The ceremonial dinner, Seder is considered as an auspicious and sacred eve of the Passover with its major significance lying in the maggid (telling the story of Exodus from Egypt). It begins with asking four crucial questions called Mah Nishtanah, to the youngest child at the Seder gathering.
Through these questions, Jewish communities aim to encourage traditional inquisitiveness amongst their children.
To be noted the order of the questions doesn’t remain the same for Ashkenazi and Sephardic Jewish. Since the answer to each question holds some meaningful message and awareness regarding the Pesach rule. Thus, parents consider it to be the test of their religious teachings.
The earliest version of the Ma Nishtana is found in Mishnah Pesachim. The Mishnah says that after pouring the second cup of wine a son questions his father. In case the son is unable to figure out the question, a father is allowed to help his son with a question to recite. In this version of Ma Nishtana, the last question was missing.
Later, in order to ensure consistency with four sons, four glasses of wine, the fourth question was included too. Each question signifies how Seder’s dinner is different and special from any other meal. So, now let’s understand what these four scripted questions are.
Passover Seder Question 1 – Why is food dipped twice on this night?
On this night, the vegetables are dip in the saltwater to rejuvenate the idea of simplicity and being grounded to the roots. The fundamental focus is not on getting caught up in oneself when God bestows you with wealth. The teaching indicates that one shouldn’t upgrade his standard of living but the standard of giving. The inclusion of the saltwater aims to remind Jewish of all the tears their ancestors shed while being slaves to Egypt. It is believed the true essence of the Peach is to remember all the sufferers and pay homage to them.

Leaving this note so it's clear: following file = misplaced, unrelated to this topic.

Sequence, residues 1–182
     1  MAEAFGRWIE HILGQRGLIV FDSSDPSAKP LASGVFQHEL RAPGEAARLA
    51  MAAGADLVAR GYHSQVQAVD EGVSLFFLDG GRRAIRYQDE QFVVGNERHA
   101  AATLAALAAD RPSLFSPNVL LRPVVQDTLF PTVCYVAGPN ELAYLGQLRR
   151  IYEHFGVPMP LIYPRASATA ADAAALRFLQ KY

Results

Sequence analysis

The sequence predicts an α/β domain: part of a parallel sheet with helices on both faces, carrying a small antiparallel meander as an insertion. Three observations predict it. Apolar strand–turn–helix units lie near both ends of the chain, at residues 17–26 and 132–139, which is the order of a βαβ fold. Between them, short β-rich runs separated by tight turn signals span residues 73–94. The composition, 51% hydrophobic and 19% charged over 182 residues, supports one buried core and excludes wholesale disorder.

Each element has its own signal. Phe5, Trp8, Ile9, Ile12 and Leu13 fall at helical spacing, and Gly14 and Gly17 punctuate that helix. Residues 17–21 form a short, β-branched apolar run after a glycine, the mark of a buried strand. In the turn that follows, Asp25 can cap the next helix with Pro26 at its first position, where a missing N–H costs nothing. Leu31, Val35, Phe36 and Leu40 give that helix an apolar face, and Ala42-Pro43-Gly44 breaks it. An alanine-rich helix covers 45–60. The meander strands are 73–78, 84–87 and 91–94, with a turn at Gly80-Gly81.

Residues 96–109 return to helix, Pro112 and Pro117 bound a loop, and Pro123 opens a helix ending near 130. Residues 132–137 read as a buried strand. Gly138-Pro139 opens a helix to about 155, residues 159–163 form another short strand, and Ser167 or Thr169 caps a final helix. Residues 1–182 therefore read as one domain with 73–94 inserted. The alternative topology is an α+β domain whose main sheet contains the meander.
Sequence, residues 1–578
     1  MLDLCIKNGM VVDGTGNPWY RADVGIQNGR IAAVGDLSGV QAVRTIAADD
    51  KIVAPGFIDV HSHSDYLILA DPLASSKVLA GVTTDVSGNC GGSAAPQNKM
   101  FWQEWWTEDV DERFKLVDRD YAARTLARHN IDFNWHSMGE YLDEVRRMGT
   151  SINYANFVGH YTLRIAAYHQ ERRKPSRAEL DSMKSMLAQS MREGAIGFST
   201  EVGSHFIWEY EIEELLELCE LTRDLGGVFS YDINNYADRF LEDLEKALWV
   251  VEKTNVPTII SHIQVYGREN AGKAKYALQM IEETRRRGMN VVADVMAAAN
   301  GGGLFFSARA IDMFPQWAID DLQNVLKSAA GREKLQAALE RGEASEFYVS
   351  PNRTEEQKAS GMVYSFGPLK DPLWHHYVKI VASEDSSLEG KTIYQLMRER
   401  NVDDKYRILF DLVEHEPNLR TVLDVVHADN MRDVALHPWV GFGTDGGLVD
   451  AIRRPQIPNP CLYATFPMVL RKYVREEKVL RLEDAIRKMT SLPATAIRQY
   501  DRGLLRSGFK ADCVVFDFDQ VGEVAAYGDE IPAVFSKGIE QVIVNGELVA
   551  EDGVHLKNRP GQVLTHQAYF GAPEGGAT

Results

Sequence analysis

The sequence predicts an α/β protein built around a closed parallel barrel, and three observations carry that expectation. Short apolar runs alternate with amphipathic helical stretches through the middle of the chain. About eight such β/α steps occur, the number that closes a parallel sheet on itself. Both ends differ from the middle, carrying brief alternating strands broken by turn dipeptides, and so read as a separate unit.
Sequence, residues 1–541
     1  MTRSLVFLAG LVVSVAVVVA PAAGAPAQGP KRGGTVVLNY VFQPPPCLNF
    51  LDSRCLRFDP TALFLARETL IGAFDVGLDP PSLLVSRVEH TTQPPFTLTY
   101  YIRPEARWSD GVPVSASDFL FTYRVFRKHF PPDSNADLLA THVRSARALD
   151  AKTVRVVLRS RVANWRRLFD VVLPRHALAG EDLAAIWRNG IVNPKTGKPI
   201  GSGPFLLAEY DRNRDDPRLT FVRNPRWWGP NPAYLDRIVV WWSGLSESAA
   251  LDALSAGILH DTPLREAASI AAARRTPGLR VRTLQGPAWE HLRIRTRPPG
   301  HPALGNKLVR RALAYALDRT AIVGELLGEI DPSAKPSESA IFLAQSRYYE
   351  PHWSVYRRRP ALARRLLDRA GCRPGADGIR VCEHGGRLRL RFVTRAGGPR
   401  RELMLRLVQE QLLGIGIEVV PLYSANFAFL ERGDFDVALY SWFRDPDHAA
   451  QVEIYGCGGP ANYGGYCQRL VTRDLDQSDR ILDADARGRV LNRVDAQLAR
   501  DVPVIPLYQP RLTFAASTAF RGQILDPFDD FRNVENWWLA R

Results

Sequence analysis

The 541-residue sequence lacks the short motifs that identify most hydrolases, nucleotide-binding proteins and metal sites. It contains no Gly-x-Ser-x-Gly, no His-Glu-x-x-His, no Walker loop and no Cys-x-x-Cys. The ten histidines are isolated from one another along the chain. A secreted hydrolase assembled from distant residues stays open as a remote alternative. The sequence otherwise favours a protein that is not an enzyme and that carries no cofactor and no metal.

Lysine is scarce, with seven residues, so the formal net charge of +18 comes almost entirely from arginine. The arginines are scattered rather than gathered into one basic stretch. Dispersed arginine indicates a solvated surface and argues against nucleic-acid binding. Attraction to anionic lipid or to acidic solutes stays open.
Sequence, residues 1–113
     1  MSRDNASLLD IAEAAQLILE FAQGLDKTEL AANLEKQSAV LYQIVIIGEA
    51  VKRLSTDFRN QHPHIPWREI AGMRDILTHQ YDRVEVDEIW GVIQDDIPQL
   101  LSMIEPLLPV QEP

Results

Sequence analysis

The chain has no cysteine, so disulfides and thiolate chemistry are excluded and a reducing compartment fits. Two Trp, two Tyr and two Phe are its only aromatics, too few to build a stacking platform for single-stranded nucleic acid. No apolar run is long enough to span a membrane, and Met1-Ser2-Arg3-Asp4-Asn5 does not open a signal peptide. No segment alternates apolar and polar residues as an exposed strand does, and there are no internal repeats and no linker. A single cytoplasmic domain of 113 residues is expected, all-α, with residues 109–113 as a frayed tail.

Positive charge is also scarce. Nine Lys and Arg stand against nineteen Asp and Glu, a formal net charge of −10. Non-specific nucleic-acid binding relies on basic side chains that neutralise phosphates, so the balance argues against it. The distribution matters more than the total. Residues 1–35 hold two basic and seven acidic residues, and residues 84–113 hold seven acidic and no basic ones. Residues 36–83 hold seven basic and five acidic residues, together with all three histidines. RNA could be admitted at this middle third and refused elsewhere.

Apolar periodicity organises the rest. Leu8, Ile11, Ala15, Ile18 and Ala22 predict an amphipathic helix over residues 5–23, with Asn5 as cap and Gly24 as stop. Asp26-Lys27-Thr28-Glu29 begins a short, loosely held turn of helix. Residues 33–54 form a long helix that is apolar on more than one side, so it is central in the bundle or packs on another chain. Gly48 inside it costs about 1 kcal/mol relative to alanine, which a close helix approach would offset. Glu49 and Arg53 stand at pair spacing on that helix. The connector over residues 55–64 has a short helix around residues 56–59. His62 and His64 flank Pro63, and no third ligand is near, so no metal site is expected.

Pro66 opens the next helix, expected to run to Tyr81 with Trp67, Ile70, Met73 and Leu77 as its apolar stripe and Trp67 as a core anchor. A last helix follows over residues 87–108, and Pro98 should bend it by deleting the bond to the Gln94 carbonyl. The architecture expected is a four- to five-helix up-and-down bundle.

Passover Seder Question 2 – Why only Matzah is preferred this night instead of leavened bread?
According to Jewish belief, Matzah (unleavened bread) is considered as the symbol of humility, and leavened bread symbolizes ego. Matzah is made out of plain flour (which is not allowed to rise) and water in a little amount of time. It indicates the rush with which Jewish left Egypt and didn’t get time to let the dough rise. Thus, on this auspicious day, Matzah is preferred over leavened bread.
Passover Seder Question 3 – Why are bitter herbs eaten on this night?
Bitter herbs become an essential part of the Seder plate because it reminds the entire community of the sacrifices made by ancestors. Here, the idea is to celebrate freedom with joy without forgetting the pain and suffering it came through. The main types of bitter herbs are:
- Hazzeret (lettuce)
- Uleshin (chicory/endive)
- Harhavina (melilot, eryngium) ,
- Maror ( sowthistle, Sonchus oleraceus)
Passover Seder Question 4 – Why do we only recline this night and not sit upright?
The idea behind the question is to let people feel comfortable by leaning to the comfortable side. It is considered as an expression of comfort that comes from hard-earned freedom. An interesting behavior explains the fact that despite personal problems a person always has the responsibility to lean towards the free nation and soul.
Besides, staying closer to roots one shall have the knowledge of where he is heading towards and ensure living a positive and healthy life.
For more questions and clarifications, you can contact https://vacationspassover.com/